Headed out this morning about 10am for Gathaithi Home for Orphans and Vulnerable Children and thankfully did not hit any traffic, allowing us to arrive by 11am. The school was loud and alive with singing and dancing and drums and flutes as Simon had arranged for a multitude of talent to entertain us for the day.
Patricia greeted us and we headed inside to get the business of the day taken care of before anything else. However, Simon kidnapped me before I chance to even sit. He had a classroom full of students who had been anxiously awaiting our arrival and needed to be greeted immediately as they were heading out.
I returned a few minutes later and we spent at least an hour engaging with the Gathaithi Board of Directors, discussing the events of 2017 and their hopes and dreams for 2018.
Last time we visited, they were extremely excited about a new and almost completed well water project. Their hope was to be able to produce enough water, to bottle and sell and this would help to create income for them. However, when the project neared completion, the neighbor, who owned the actual property on which the well was situated, reneged on the deal and took the well for themselves, allowing Gathaithi only a small access to water, merely enough for washing. Saddened by this unfortunate turn of events, most would be devastated. The staff and volunteers at Gathaithi however have looked past the negative and moved on, with bigger and better – and smarter ideas for the future, wasting no time on regrets or anger. Manager Patricia adds, “That’s part of life, we don’t complain.”
Our Kenyan Kids currently supports 91 children in total at this project. Ninety-one on site and four in colleges and transition. There are forty-five in primary school, seventeen in boarding school and the remaining ones are on site.
What Gathaithi hopes to provide these children with is:
The biggest challenges being high school fees.
They are sponsored by local churches, have self help groups, and the government will chip in with small bursaries for high school fees. Primary school is free, but high school is not, and most cannot afford it. They do everything they can to help offset costs so that they are not solely dependent on donors, but working diligently toward self sufficiency.
Their most successful efforts have come through three particular fundraisers each year. In April of each year, they have a 25km walk. Neighbours, friends, family and anyone they can reach, will make a donation – much the same as we would hold a walk-a-thon fundraiser. Last year, they raised 300,000 Kenyan Shillings ($3610.85 Canadian) from this event.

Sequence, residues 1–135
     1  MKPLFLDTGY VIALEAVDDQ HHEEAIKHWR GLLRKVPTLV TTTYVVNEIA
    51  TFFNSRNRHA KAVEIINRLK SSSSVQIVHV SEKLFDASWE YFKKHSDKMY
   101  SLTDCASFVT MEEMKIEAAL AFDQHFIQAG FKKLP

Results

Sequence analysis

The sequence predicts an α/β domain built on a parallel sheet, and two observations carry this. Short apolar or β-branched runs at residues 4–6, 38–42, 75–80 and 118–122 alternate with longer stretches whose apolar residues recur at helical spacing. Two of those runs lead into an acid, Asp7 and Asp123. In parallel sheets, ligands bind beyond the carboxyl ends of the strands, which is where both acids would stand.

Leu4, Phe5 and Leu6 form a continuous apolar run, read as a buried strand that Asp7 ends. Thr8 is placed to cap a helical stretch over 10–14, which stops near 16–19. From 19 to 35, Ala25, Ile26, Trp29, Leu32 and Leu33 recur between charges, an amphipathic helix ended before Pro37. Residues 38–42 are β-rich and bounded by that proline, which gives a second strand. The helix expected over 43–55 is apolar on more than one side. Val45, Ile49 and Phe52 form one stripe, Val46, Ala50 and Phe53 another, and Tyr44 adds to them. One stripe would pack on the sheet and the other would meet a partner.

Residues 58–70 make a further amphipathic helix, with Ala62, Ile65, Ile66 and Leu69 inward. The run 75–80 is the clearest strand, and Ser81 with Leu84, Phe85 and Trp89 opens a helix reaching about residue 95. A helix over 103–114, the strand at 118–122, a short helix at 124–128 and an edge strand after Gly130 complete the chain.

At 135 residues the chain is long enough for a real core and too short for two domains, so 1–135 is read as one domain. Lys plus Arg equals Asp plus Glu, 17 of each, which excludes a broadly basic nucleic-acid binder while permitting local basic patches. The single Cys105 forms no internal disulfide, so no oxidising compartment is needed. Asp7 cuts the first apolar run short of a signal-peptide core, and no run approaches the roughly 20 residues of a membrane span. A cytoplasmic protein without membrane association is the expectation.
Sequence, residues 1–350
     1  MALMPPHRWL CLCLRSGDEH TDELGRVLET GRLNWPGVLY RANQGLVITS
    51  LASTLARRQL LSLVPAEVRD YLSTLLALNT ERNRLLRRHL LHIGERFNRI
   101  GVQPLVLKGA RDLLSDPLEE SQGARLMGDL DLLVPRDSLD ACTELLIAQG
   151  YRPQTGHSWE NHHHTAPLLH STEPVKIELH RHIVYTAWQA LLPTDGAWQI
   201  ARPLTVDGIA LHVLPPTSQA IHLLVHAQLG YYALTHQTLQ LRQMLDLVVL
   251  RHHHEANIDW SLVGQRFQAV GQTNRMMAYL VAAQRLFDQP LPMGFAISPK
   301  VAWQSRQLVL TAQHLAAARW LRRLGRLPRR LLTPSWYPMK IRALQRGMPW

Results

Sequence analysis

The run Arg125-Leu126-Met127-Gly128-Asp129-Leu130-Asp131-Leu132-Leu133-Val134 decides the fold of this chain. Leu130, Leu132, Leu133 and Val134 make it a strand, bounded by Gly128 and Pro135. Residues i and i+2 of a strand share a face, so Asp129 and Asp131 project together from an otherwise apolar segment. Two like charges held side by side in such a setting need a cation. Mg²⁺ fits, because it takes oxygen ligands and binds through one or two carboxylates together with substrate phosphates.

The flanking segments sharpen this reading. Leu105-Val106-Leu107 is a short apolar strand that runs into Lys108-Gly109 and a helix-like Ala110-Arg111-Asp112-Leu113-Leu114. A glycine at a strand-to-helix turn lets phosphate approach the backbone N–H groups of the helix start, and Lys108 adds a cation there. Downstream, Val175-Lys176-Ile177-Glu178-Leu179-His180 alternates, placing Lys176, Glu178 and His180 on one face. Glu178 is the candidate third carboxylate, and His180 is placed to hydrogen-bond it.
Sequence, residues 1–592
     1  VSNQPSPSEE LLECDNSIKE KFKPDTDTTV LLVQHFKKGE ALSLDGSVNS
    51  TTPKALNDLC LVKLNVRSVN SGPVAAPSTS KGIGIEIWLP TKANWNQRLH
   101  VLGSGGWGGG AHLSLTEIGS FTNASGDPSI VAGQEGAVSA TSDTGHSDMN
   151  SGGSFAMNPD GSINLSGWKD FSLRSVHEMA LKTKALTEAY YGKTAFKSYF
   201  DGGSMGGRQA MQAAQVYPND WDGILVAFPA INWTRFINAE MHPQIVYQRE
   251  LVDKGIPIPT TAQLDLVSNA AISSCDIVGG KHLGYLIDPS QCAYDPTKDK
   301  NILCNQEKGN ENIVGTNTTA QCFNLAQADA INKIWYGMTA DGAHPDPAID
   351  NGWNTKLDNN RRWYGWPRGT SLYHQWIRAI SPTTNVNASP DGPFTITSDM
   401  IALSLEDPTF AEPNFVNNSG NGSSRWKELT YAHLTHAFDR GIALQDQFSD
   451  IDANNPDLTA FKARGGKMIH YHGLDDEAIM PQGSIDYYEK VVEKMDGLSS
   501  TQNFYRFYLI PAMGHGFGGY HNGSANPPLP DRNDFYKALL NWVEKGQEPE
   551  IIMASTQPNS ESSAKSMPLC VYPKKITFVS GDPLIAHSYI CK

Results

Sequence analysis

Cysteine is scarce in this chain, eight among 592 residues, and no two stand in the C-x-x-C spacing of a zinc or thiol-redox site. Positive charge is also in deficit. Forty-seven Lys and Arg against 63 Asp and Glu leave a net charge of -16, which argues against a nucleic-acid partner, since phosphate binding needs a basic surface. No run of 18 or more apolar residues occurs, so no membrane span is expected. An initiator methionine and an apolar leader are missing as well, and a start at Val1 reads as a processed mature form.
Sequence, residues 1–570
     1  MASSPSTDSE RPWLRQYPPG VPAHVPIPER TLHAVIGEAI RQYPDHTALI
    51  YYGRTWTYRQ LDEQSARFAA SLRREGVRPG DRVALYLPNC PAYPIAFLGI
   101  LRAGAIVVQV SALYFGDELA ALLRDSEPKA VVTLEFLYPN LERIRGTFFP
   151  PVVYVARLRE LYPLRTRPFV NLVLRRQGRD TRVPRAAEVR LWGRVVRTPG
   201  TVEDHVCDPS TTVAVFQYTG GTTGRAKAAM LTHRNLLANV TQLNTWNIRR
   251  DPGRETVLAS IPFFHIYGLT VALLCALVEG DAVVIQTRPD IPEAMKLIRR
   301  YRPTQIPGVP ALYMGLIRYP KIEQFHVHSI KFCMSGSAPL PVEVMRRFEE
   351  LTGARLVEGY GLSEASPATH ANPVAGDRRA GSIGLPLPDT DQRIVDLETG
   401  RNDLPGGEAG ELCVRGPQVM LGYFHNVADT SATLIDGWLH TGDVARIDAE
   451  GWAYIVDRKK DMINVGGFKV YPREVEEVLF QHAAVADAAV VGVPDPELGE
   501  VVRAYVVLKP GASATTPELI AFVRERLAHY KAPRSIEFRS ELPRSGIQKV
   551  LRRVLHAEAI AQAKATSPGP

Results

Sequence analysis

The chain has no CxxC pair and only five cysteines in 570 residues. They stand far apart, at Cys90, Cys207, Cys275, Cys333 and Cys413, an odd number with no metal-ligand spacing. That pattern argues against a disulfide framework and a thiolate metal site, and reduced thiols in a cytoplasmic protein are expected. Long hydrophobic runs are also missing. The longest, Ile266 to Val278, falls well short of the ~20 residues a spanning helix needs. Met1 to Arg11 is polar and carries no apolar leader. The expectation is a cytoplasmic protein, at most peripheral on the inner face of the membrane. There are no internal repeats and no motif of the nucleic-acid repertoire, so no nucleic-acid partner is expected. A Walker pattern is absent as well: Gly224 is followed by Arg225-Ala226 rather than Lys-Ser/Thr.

In July, they hold an event that they call “Friends Day”. On this day they invite all of their friends and family to big, old fashioned, family fun day. In 2017, they had over 200 in attendance and raised 250,000 Kenyan Shillings ($3009.04 Canadian)
A third fundraiser earned them 500,000 kes more.
Their dedication and positivity gives us great joy. Set backs are not something they focus on, but rather, they live to see the positives; to be good people, to be good to one another and to live and to learn.
Currently they are running a dairy program. They have one cow, and three heifers. The one dairy cow produces enough milk to supply the school with all of their needs PLUS allowing them to sell up to 25kg of milk per day which in turn helps them to feed the children and supply enough grains to feed the cattle. Milk is currently sold to 5 neighbouring schools as well as members of the community. They are hoping to have three milk producing cows by year’s end.
Their next Endeavour is to begin a tailoring business through the school. Students will produce uniforms for children at the neighbouring schools, and hopefully down the road, even more. In order to be able to accomplish this task, they will need supplies to get it up and running and are looking for donations of sewing machines, (5 different types of machines – two of those being sweater knitting machines, and sewing machines). This not only helps to teach their own students advanced sewing techniques, but also allows them to create an income.
They have recently been nominated as the Best Children’s Home in the country and because of such elite title; the government recently rescued 6 children just last month and brought them to Gathaithi.
They are still actively running the only jiggers program around and have just this month treated two new cases successfully.
After our update, we were given a short tour and then entertained by the children, and by visiting children who were all ecstatic to see us.
The greenhouse, which was donated by “Maitland Garden of Hope” is suffering a wee bit due to lack of water, however as you will see from the photos, it is in the process of re-growth thanks to a recent replanting. They are currently brainstorming ways to increase water supply so that the greenhouse may flourish all year round.